Big Data

A looming crisis: Exploring a new infrastructure for the era of data

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I think it’s fair to say that the face of data as we know it is changing significantly. Not only in the breadth of what we’re able to collect, store and analyse, but in the amount of information produced. It was believed in 2016 that 90% of all the data in existence had been created in the couple of years prior. We’ve come a long way from the days of recording information with pen and paper – smart devices are constantly generating data pertaining to everything from GPS coordinates to temperature.

The databases we’ve become so accustomed to that were built pre-internet just aren’t going to cut it at the scale we’re anticipating – there’s now 2.5 petabytes of data produced daily. SQL queries and relational database systems are not up to the task of sifting through unstructured data, which makes up 80% of the average business’ stored information. This is cumbersome to store, and problematic for the large-scale and high-speed stream of data to and from a database that is needed to power the developing data-hungry technologies.

It’s time to explore new and emerging forms of technology that can manage data as AI, IoT and enhanced analytics are deployed across industries.

Blockchain technology and its role in data storage

Blockchain shows real potential to these ends. Instead of housing data in the traditional centralised silos we’ve seen to date, distributed ledger technology allows it to be broken up and scattered across a number of nodes. The advantages to this are numerous; not only does it guarantee a vastly more secure means of storage (there’s no central point of failure), but it opens the door to mechanisms such as swarming, which leverages peer-to-peer connections to ensure that fragments of files can be remitted to their owners with as little latency as possible (much like torrenting). Using a blockchain to these ends adds an incentive layer – native tokens can be used to encourage peers to store and replicate files.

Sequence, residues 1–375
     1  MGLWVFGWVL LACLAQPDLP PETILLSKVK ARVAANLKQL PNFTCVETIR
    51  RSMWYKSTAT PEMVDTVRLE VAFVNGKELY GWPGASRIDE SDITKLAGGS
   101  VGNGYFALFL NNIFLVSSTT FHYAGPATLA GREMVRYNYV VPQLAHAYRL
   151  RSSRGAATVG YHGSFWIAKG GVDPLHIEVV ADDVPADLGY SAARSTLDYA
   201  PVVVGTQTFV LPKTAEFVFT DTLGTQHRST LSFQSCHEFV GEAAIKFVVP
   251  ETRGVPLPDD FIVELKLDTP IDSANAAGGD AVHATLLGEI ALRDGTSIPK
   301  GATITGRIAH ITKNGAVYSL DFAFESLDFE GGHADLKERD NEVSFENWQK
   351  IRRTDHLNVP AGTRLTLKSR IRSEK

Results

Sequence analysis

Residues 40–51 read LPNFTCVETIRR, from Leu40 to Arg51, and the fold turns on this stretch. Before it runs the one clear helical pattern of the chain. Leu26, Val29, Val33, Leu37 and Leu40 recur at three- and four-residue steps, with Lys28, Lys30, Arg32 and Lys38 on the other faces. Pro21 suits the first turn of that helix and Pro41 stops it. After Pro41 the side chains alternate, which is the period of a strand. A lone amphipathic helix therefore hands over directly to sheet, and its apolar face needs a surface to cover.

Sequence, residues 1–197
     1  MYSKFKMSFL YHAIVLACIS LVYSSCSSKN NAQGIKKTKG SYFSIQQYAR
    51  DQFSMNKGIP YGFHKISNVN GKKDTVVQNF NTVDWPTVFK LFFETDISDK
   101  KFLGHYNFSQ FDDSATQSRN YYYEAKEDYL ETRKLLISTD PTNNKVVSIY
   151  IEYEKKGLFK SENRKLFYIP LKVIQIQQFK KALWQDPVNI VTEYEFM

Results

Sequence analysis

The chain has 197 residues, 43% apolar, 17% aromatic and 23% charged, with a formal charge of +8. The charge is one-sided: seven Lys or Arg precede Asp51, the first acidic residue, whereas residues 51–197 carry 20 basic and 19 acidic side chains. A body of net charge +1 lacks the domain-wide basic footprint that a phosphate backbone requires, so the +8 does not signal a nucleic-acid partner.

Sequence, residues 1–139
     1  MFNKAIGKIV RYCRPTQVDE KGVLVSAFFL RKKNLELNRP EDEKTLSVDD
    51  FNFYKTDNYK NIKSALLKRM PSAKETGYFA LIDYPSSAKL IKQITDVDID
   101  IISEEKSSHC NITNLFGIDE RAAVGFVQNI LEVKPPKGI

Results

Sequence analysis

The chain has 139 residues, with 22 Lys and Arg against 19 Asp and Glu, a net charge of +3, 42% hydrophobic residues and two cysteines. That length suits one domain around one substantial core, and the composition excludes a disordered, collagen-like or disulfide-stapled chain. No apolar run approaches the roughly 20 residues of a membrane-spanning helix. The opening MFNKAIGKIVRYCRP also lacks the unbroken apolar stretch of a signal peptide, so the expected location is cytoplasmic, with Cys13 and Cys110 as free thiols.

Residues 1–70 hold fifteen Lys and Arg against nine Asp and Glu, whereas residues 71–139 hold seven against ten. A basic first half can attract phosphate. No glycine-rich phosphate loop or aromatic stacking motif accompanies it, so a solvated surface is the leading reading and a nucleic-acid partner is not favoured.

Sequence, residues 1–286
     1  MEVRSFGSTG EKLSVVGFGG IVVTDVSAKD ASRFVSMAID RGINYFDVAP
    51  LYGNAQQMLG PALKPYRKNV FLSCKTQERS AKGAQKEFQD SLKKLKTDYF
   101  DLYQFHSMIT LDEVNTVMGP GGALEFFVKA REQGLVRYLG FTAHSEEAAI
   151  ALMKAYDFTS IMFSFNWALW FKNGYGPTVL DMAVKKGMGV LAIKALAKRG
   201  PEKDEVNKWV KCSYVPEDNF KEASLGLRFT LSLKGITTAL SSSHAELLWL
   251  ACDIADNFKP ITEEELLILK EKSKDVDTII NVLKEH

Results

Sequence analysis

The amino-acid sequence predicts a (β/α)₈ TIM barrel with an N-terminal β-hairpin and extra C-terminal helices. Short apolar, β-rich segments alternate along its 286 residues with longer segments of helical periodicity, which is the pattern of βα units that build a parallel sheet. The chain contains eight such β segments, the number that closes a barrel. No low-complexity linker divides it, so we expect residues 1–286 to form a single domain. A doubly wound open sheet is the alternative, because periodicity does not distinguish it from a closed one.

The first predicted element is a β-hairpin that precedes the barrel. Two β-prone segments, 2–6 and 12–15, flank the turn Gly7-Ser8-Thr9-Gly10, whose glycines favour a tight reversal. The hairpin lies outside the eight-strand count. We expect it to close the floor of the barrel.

Such a network is incredibly efficient for high-throughput applications. It’s important that a proper structure is put in place as IoT takes off – interconnected devices stream data between each other constantly. Relying on a centralised server to process such colossal amounts of data is risky, as all devices connected are at the mercy of this centralised server, which is prone to downtime or congestion at peak times. With a distributed architecture, however, this is not an issue. As interactions are peer-to-peer, not only is the strain on the network reduced, but the system is never down. If one (or indeed, several) nodes go offline, redundant storage means that the data can be pulled from other sources.

Data in AI

There’s a lot of buzz around using AI in an enterprise setting. In all the hype though, it seems that we forget the key ingredient for training neural networks: data. The more of it that can be processed through machine learning algorithms, the better the insights and predictions that can be gleaned are. It’s imperative that we move to a system that is better ordered than our current model. There are hundreds if not thousands of use cases that seek to build atop blockchain infrastructure for facilitating the development of artificially intelligent software – there’s everything from allowing individuals to monetise their own information for training purposes, to decentralised applications building marketplaces for AI components.

We speak a lot about the importance of IoT, AI and big data, and their roles in shaping industries. To ensure that we can flesh these out to be the revolutionary vehicles for change they’re hyped to be, we need to focus on organising data properly. I strongly believe blockchain technology is key to building a highly resilient and secure infrastructure that can support the data needs of today.

 

Interested in hearing leading global brands discuss subjects like this in person? Find out more at the Blockchain Expo World Series, Global, Europe and North America.

 

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